If you happen to own a phone which claims it is ‘5G ready’, chances are good that it will work smoothly. But better to check if it is listed as compatible with your 5G service provider.  When they made that phone, maybe in 2019-20, no one knew what 5G standard what country would adopt.  Now a shakeout has happened.
The widely accepted global standard for 5G is somewhat confusingly called 3GPP (3rd Generation Partnership Project) from the agency that also created the standard for 3G and 4G phones.
India created its own standard called 5Gi, with some cool extensions that allowed more power on the handset and better reach in rural areas.  There was some fear that if India insisted on telecom service providers and phone makers adhering strictly to the Indian standard, it would create compatibility problems with the rest of the world and turn India into a silo. Fortunately, good sense seems to have prevailed on both sides: The International Telecommunications Union (ITU) and other standards bodies subsumed some features of 5Gi into 3GGP and on its part, India has agreed that any future iterations of 5Gi will be rolled out under the umbrella of 3GGP.
So, no worries on the score of whether a  5G phone you may now buy in India will  work abroad – and vice versa. You will be good to go – anywhere.
And what’s it all going to cost?
If any one claims that a 5G service won’t cost more than 4G – take it with a hefty dose of salt.  Among the things that the telecom players who bought all that spectrum recently plan to do,  is beef up existing 4G services which are still patchy in some regions and don’t provide anything like the promised quality of service.  Many of them already increased the cost of 4G data plans over the last year.  With the huge spends on the new spectrum, some of it in bands that are best for 5G,  an  increase in phone subscription costs may be  inevitable.  But the operators know the Indian market very well -- where ‘paisa vasool’ is a fierce mantra. So 5G may cost a bit more –but nothing in relation to the enhanced uptick in  quality and speed.  You can expect to pay  Rs 27,000 – Rs 35,000  in India for a fully featured 5G phone  today and  foreseeably till year end, which is only marginally more than a  similarly featured 4G phone.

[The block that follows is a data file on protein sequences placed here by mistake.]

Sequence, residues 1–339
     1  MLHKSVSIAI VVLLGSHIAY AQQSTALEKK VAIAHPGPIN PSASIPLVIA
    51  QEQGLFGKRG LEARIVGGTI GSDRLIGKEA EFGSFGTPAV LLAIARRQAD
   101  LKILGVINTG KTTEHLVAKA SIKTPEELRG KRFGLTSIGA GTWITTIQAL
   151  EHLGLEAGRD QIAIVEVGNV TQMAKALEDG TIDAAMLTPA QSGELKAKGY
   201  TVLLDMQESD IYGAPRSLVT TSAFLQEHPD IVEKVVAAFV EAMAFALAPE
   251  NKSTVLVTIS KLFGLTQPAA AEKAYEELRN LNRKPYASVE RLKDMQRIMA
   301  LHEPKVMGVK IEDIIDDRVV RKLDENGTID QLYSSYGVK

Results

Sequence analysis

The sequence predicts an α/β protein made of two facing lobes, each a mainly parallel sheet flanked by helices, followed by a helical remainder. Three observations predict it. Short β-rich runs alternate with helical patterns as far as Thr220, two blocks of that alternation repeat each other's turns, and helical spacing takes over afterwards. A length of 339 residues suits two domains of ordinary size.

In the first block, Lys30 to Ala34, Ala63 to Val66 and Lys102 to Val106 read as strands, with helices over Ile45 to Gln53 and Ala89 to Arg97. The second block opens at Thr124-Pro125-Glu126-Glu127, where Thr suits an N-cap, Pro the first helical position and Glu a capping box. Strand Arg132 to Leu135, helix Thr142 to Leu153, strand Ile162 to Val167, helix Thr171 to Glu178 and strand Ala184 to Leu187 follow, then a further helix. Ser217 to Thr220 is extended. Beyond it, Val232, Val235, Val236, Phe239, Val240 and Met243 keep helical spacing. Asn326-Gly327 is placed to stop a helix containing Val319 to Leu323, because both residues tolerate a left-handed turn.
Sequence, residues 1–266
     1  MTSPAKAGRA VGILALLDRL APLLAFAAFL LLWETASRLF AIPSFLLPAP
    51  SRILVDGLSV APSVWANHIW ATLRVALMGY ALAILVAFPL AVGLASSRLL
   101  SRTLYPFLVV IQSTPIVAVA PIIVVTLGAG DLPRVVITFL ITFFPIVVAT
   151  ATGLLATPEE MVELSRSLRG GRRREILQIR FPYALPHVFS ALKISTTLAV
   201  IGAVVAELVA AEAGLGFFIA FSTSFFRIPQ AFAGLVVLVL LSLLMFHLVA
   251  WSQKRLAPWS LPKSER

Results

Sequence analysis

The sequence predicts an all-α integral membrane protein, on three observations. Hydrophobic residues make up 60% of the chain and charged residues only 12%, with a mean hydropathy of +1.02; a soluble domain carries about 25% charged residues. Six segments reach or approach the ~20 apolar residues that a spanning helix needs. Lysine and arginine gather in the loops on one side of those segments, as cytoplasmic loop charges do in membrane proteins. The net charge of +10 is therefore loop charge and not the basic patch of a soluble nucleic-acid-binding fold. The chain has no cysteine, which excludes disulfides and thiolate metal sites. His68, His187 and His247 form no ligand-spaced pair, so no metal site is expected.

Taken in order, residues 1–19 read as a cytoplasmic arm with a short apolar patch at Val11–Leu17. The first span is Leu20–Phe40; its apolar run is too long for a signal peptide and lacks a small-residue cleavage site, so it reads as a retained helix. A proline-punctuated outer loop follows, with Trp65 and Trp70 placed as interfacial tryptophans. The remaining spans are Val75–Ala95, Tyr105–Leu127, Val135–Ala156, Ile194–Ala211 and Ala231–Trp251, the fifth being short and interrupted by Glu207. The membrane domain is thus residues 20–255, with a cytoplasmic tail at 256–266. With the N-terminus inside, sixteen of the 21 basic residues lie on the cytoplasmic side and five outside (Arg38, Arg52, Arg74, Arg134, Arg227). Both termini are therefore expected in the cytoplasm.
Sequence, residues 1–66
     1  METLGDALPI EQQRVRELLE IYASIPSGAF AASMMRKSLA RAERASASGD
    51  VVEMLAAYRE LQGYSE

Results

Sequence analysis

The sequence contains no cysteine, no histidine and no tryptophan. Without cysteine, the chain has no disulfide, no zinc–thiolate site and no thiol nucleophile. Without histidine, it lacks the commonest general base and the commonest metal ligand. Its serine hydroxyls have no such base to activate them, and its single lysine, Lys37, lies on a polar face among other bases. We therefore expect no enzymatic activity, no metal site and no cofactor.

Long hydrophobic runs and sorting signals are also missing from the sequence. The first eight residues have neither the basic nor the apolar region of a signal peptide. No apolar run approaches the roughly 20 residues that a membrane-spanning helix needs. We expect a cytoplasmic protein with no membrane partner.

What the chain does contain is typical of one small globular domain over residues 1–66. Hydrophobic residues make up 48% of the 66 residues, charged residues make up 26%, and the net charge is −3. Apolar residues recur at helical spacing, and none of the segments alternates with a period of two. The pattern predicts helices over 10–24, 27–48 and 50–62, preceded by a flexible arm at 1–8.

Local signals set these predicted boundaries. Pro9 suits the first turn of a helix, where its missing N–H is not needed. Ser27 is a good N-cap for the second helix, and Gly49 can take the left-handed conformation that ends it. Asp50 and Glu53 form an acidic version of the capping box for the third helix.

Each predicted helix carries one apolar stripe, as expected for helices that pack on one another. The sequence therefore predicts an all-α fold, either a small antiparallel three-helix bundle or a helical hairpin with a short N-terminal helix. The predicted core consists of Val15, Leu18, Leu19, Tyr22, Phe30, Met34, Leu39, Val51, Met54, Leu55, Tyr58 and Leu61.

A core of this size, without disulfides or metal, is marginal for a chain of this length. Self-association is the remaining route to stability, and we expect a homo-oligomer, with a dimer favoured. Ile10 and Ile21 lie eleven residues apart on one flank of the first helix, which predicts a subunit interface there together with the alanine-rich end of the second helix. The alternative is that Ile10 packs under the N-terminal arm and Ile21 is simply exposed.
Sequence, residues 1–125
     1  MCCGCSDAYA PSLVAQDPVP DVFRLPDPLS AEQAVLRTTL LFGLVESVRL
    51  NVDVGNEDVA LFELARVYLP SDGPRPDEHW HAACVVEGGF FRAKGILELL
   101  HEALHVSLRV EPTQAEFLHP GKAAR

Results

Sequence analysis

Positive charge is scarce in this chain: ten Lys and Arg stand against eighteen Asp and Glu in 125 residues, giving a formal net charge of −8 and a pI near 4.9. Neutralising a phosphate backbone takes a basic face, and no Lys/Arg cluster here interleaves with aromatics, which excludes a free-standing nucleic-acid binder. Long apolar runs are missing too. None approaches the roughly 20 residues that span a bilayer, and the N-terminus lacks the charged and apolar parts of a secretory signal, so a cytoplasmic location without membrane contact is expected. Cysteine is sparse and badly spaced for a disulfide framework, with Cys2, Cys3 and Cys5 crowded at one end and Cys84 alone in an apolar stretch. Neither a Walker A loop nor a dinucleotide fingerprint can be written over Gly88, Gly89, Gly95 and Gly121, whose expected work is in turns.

Corporate usage which will come earlier, may end up subsidizing consumer packages to some extent. At least that has been the scenario in geographies where 5G has already been rolled out.
Here’s another thing to remember:  Upgrading the entire mobile phone network to the 5G standard, is a huge task and won’t happen for years. These are known as SA or Stand Alone networks, which are ‘made for 5G’ end-to end.
Operators will roll out 5G plans using existing 4G networks for starters. Last year, Airtel successfully demonstrated India’s first 5G experience over a live 4G network in Hyderabad.  Jio has joined select phone makers like Oppo in its 5G demos. These 5G tests on existing 4G equipment, use what are called NSA or Non Stand Alone networks.  That’s how they will be-- at first-- when 5G services are launched. The optimum 5G  quality and experience  will suffer some degradation as long as they are rolled out on 4G networks.
So, when should I upgrade to a 5G phone?
Our sincere take for those  who may be planning to buy a new (5G) handset: wait-a-bit.
Smart handsets are evolving at a fierce pace. Due to global Covid-induced chip shortages, many planned releases of 5G phones by the Big Five handset makers have been delayed. Meanwhile chip designers are upgrading or tweaking the 5G features. These will need to be mass produced, then shipped before phone makers can incorporate them. Canadian media guru Marshall McLuhan once said: “If it works, it’s obsolete”!  Too true -- when it comes to smartphones.
It will be late to end 2022 before lay users like you and me are offered a choice of 5G plans in the area where we live and work.  By then a dozen new models of 5G phones will be in the market and competition will make for better prices. That will be a good time to buy a new phone or trade in an  old device for a 5G wallah phone.
We don’t believe in wasting our hard earned – or encouraging you to do so with yours. Yes, we are being a bit conservative here, but we’re saying: Think of going 5G? Think 2023.
Useful reading:
If your thirst for info about 5G is not satiated by this brief FAQ, you might check out this resource at Qualcomm, titled: “Everything you need to know about 5G”.
And this is from Verizon ( primarily for US readers, but some good stuff) What is 5G and why does it matter?